The French Finance Minister Bruno Le Maire has announced that the G20 has agreed a deal to suspend some of the debt payments of 77 of the poorest countries in the world.
Reacting to the news, Sarah-Jayne Clifton, Director of Jubilee Debt Campaign, said:
“This deal represents an important step forward. It will keep $12 billion in poor countries this year, giving them some important breathing space to help them fight the Covid-19 crisis. However, suspending payments rather than cancelling means countries will continue to pile up interest and face even bigger debt levels next year.
“We urgently need G20 governments to commit to engaging in a UN process to agree a comprehensive and enforceable way to cancel debts down to a sustainable level, ready to be implemented in 2021. Otherwise today’s debt suspension will be next year’s debt crisis.
“Calling for debt payments to private creditors to be suspended is not enough. The UK and New York must pass legislation to prevent any country from being sued for suspending debt payments during this crisis.”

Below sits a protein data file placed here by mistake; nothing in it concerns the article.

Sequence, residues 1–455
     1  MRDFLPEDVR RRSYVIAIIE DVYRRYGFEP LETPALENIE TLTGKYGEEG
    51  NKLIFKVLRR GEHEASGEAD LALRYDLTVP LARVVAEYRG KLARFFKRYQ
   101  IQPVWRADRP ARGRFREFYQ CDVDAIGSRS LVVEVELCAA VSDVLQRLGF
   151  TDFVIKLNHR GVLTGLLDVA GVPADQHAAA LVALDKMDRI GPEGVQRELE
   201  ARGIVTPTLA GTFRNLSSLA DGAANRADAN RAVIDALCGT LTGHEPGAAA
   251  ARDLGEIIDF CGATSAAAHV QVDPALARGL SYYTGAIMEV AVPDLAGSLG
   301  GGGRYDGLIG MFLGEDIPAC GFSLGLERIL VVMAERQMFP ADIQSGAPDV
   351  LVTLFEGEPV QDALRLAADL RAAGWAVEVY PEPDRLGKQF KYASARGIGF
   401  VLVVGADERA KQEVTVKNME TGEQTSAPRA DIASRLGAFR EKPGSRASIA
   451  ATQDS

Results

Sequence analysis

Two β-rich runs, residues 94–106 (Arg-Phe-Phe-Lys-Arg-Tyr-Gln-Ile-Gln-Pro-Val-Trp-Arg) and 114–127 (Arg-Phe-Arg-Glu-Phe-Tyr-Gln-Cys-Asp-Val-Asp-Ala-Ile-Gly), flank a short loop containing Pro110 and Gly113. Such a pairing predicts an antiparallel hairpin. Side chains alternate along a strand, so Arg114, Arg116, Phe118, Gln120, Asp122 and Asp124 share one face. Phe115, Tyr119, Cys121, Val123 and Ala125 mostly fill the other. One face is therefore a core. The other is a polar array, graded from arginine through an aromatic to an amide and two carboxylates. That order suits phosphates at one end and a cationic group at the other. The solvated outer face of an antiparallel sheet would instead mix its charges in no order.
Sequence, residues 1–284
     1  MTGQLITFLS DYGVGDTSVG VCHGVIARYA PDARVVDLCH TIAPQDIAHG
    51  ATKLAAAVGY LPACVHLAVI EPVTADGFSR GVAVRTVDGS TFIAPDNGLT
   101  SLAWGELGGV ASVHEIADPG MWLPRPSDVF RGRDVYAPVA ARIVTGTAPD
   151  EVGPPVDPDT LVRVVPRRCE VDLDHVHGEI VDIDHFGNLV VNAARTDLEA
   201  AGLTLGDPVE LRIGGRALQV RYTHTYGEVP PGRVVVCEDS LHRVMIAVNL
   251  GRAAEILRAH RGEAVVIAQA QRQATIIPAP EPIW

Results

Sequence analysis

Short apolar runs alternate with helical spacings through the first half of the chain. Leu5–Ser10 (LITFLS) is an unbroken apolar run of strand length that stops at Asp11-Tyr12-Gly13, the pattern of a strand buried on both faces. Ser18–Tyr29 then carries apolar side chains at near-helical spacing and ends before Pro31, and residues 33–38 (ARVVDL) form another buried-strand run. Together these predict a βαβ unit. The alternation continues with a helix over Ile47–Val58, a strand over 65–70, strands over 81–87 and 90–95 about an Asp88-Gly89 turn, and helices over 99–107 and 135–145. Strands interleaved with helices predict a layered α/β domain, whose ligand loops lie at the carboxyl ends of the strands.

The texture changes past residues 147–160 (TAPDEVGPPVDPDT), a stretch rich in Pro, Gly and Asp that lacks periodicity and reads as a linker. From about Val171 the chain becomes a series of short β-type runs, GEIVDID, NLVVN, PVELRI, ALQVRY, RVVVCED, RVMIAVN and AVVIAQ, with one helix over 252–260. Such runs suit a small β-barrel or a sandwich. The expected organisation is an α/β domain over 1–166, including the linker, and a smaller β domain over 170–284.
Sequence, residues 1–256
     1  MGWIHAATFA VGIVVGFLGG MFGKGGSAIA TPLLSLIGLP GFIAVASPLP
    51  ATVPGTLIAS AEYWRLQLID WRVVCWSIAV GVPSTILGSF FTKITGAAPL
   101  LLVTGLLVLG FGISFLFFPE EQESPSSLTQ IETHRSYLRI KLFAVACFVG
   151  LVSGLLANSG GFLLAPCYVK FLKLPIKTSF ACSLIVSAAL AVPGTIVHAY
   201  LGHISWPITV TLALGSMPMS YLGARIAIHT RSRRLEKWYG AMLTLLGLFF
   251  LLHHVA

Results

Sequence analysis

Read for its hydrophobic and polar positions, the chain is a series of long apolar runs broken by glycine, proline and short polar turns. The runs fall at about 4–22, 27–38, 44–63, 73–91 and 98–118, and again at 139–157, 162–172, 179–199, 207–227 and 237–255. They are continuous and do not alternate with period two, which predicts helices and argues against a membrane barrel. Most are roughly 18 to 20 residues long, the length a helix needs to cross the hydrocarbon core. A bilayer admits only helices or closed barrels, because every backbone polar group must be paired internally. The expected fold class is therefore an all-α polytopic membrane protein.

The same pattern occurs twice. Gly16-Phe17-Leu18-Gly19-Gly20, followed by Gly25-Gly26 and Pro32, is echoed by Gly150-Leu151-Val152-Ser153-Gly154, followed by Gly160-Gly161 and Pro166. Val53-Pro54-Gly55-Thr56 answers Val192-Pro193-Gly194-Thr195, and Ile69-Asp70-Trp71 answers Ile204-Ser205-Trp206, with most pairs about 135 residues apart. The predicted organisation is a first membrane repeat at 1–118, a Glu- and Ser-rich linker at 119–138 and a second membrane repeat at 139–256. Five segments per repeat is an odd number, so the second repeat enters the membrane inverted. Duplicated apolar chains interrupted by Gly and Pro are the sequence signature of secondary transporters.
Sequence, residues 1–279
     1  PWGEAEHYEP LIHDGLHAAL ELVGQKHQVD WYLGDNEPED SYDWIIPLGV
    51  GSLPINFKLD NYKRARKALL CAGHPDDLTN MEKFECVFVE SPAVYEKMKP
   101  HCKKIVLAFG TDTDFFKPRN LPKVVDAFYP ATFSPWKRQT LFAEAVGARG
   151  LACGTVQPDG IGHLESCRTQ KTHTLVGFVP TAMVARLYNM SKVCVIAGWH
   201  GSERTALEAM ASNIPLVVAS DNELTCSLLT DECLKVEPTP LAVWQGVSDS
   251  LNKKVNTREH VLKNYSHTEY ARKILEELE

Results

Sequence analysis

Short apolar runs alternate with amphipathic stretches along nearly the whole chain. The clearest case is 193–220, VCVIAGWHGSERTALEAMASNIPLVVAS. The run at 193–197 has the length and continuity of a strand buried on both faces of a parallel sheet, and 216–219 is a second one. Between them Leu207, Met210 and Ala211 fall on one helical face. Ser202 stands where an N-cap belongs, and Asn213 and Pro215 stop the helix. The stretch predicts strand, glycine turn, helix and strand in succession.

Jubilee Debt Campaign understands that under the deal, to be signed-off by G20 Finance Ministers tomorrow:
- G20 governments are offering all the 77 countries a suspension of debt payments to them for the next year. This should save around $12 billion in the remainder of 2020 according to the French government, but all these debt principal and interest payments will still be due to be made in the future, and interest will accrue.
- G20 governments have called on multilateral institutions such as the World Bank to consider offering the same suspension, estimated to be $12 in the rest of 2020. The IMF has already announced that it is cancelling $215 million of debt payments for 25 countries over the next 6 months.
- The G20 have called on the private sector to also suspend debt payments, but it is not clear how this will happen. The French government estimate $8 billion is due to be paid to private creditors by the 77 poorest countries over the next year, which aligns with Jubilee Debt Campaign figures.
Virtually all international debt contracts are owed under UK or New York law. 90% of African government external bonds are owed under UK law. This means if any country stops making debt payments under these deals, they can be sued by the creditor in London. In 2010 the UK passed the Debt Relief (Developing Countries) Act which prevented countries from being sued by creditors who were not participating in a previous round of debt relief. This legislation needs to be updated to protect countries in this latest round of Covid-19 related debt crises.